Maybe looks aren’t everything, but a new coat of paint can sure freshen a room up. The Yoshi franchise has been the subject of cute visual experimentation since the coloring-book aesthetic of the SNES’ Yoshi’s Island, but the little dino’s latest adventure for the Nintendo Switch might just be his most eye-pleasing yet. Sure, the platforming might feel a bit more cardboard than in some previous outings, but Yoshi’s Crafted World is nevertheless a joy to play from start to finish, if only to see what homemade delights developer Good-Feel has tucked around the next corner.
A barely-there story sets the scene, as a group of plush Yoshi’s gather around some gemstones that grant the owner whatever wish they may desire. Whether or how they were ever going to be used by these adorable reptiles never gets answered, however, as the arrival of Baby Bowser and his bespectacled wizard goon, Kamek, results in an accident that scatters the precious stones far and wide across a diverse arts & crafts landscape that wouldn’t look out of place on Etsy. So, it’s up to one (or two in co-op) Yoshi to volunteer for the hero position and track these gems down so that life on their idyllic island can return to normal. Of course, a bratty Baby Bowser and an enabling Kamek have other plans…
It’s just classic Nintendo window dressing used to move players along as they perform light platforming and exploration through a variety of fantastic and unconnected worlds; once the game begins, the plot thread can quickly be forgotten. But who cares? The real draw of Yoshi’s Crafted World is the levels themselves, which look like they’ve been built in someone’s basement playroom out of household materials like corrugated cardboard, paper plates, tinfoil, bendy straws, toothpicks, and plastic cups. The pure imagination on display in constructing environments ranging from palm-tree jungles to coral-lined sea floors is absolutely grin-inducing, with chugging locomotives and creaky haunted houses all lovingly pieced together with a handmade, toy-like feel that leaves an impression that the stages in this game are not meant to just be played through, but played with. Even boss fights get in on the act, with cut-scenes animated in a stilted, Lego movie sort of way.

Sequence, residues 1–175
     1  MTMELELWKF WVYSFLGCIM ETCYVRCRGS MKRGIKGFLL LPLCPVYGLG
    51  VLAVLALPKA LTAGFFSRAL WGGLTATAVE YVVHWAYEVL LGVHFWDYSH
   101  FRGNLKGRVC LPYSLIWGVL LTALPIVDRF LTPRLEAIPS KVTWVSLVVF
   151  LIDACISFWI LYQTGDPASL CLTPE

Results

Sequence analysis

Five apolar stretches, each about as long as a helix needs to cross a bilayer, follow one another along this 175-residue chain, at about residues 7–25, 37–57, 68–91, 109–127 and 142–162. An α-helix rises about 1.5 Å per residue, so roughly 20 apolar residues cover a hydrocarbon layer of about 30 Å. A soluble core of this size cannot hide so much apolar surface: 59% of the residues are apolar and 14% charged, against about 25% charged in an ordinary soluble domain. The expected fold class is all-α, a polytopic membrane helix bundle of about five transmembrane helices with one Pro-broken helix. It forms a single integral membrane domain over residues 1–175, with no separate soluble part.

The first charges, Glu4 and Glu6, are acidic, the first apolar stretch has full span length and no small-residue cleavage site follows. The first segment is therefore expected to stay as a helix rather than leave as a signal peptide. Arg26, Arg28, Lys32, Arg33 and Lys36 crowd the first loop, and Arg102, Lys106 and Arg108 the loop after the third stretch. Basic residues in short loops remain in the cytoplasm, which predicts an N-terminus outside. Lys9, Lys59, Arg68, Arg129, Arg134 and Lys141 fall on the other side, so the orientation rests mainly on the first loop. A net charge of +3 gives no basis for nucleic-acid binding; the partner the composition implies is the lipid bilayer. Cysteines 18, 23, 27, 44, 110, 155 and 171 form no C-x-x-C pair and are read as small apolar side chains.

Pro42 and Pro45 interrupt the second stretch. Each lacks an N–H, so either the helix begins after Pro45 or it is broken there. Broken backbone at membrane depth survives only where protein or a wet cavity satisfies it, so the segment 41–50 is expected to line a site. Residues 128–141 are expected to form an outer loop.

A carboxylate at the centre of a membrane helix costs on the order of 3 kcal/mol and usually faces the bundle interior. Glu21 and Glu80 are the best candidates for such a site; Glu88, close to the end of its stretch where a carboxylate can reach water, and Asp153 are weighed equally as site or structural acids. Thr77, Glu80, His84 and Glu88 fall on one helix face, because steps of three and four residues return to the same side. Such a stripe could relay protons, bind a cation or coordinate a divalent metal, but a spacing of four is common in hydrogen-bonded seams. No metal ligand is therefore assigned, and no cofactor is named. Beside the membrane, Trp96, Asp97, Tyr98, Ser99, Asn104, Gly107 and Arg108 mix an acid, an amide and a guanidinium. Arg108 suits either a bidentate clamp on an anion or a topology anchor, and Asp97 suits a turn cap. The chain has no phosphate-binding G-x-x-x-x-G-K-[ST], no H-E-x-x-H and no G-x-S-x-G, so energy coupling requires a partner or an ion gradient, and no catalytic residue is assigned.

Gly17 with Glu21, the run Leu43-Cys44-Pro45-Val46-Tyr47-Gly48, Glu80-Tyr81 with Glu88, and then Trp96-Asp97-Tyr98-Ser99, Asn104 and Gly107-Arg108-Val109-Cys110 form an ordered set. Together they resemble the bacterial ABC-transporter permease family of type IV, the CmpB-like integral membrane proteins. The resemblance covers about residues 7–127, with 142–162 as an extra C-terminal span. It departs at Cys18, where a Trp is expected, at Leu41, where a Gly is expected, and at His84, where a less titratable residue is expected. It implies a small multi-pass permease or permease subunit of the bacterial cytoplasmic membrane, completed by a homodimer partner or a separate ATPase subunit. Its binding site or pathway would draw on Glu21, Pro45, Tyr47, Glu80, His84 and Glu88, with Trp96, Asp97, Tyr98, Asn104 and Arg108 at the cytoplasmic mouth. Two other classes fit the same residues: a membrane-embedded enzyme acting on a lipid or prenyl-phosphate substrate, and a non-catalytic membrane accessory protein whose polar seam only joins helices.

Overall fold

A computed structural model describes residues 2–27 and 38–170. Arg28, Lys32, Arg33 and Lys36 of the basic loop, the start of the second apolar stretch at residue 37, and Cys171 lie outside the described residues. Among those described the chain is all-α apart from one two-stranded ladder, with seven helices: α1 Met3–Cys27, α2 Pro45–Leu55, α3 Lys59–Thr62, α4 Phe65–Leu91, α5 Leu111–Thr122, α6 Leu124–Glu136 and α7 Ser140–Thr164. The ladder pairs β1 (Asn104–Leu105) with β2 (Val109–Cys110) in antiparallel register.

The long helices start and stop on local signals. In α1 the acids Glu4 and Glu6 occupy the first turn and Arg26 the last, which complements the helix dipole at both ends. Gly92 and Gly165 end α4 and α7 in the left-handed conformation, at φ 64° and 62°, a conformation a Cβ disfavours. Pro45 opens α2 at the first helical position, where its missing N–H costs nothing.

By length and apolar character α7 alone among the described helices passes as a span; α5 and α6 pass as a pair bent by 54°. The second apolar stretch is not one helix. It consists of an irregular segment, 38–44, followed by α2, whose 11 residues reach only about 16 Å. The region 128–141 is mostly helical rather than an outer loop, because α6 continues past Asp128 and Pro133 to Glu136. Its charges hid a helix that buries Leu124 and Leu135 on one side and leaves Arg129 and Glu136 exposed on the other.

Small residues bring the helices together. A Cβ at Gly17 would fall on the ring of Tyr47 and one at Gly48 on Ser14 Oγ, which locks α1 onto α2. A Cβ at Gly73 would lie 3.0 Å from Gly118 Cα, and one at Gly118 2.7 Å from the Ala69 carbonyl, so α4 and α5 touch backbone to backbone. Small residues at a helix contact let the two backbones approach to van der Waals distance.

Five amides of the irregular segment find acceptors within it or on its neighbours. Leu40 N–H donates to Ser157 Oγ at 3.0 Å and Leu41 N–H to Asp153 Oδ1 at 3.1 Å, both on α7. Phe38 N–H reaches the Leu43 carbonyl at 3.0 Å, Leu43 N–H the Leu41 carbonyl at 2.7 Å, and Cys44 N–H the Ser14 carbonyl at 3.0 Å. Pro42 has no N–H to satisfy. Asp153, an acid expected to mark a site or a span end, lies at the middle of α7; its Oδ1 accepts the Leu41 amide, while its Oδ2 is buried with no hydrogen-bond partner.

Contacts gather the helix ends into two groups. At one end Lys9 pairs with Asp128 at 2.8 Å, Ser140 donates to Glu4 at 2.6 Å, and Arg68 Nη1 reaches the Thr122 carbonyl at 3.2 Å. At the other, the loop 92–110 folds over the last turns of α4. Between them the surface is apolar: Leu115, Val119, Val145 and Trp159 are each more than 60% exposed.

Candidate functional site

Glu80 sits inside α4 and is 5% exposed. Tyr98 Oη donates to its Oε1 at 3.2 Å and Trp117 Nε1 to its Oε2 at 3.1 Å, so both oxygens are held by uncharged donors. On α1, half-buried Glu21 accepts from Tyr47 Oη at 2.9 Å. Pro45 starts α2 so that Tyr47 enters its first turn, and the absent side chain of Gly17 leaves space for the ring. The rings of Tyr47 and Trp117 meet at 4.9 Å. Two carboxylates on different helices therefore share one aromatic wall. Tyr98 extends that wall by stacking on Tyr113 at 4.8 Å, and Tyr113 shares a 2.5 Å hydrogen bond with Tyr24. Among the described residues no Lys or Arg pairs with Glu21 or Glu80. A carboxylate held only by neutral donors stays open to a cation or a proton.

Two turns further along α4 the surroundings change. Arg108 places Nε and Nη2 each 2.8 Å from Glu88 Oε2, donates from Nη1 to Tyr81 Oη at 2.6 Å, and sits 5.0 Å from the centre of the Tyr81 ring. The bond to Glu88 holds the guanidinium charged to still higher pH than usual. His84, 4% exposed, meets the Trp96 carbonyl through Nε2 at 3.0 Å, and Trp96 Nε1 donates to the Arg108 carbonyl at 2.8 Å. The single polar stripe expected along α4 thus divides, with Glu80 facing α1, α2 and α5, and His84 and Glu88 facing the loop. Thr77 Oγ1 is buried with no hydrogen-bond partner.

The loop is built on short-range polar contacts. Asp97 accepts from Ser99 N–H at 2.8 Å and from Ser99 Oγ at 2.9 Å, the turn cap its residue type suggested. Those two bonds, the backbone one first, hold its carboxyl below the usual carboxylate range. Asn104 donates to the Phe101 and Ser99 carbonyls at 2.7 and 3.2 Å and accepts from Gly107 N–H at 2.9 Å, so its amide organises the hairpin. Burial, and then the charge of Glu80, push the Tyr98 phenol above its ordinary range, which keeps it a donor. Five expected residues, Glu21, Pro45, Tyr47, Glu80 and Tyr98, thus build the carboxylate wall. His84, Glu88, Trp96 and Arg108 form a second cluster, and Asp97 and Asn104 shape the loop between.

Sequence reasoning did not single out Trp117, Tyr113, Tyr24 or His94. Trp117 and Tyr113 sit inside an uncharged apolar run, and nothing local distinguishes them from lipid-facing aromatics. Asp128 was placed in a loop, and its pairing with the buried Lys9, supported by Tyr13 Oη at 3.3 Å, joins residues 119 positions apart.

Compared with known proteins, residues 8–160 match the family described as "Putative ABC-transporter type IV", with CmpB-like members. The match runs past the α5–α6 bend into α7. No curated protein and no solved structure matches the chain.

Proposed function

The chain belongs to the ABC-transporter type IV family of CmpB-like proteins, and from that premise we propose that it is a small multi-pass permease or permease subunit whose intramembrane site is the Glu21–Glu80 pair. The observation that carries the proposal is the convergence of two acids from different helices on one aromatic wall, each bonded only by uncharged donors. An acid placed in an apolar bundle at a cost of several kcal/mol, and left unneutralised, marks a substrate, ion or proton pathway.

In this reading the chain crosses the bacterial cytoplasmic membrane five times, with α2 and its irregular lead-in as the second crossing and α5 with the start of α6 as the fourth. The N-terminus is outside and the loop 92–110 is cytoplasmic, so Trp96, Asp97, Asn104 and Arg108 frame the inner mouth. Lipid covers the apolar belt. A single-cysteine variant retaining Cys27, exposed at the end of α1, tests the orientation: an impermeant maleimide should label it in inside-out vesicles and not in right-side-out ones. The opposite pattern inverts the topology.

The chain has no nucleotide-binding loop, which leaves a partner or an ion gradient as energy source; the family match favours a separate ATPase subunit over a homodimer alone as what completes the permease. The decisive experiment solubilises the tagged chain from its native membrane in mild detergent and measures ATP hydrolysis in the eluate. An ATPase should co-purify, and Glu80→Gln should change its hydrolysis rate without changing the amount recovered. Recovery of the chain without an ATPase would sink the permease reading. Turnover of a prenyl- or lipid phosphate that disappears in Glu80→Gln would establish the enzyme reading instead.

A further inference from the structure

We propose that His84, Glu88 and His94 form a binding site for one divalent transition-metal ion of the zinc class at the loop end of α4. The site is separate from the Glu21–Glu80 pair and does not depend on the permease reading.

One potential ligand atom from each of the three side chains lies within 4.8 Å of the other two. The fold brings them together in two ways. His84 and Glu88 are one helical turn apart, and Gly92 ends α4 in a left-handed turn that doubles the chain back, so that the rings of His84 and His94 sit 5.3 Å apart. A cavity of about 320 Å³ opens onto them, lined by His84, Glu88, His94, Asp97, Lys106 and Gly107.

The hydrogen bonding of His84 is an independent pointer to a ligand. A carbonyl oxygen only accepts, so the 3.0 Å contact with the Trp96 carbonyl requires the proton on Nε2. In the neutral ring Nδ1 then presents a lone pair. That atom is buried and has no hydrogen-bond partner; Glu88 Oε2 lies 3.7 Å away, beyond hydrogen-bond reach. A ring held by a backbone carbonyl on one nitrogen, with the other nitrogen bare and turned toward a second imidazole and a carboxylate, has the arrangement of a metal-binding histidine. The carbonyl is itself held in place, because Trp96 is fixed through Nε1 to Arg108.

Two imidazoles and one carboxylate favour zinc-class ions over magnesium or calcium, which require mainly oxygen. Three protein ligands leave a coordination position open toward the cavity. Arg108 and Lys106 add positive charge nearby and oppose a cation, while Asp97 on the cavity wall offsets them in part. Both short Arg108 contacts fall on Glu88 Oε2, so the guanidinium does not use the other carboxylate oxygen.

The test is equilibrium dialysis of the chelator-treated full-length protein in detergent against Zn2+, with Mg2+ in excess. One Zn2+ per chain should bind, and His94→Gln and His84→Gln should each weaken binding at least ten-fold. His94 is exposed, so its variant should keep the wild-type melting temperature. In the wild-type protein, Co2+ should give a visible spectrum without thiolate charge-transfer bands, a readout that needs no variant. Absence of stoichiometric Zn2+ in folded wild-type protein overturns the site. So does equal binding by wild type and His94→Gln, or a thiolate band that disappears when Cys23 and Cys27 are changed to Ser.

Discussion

Gamers have always been drawn to shiny things, and for those who appreciate the whimsical, Yoshi’s Crafted World is one of the most glittering on Nintendo’s console. While a few sacrifices may have been made to keep the frame rate silky smooth, it’s the design that impresses the most — and inspires players not only to see what’s next, but to return to previous levels to see what charming details they might have missed. The appeal of this aesthetic cannot be underestimated in providing motivation, and revealing some of the more creative levels would spoil the surprise.
Of course, Yoshi’s Crafted World isn’t just for looking at. The gameplay will be familiar to fans of the series, with Yoshi’s classic tongue-snatch, flutter jump, and egg toss remaining staples of his current repertoire. These basic tools will usually be all that the daring dinosaur needs to traverse the various obstacles and suss out the many returning collectibles like red coins and smiley flowers. However, Good-Feel does throw in a few occasional curveball mechanics just to keep things sassy. The best ones keep the timeless exploration aspect intact, such as stages revolving around moon gravity, avoiding light, or being chased by a maniac clown (I’d rather not say more). Others, however, carry on the tradition of auto-scroll, asking players to control a giant, punching Yoshi robot, balance atop a plane, or run from a massive rampaging skeleton. While these latter sections may provide a nifty break and a little more challenge to seasoned players, they also have a tendency to feel stale and less rewarding than those which allow players more freedom to snoop amongst the scenery.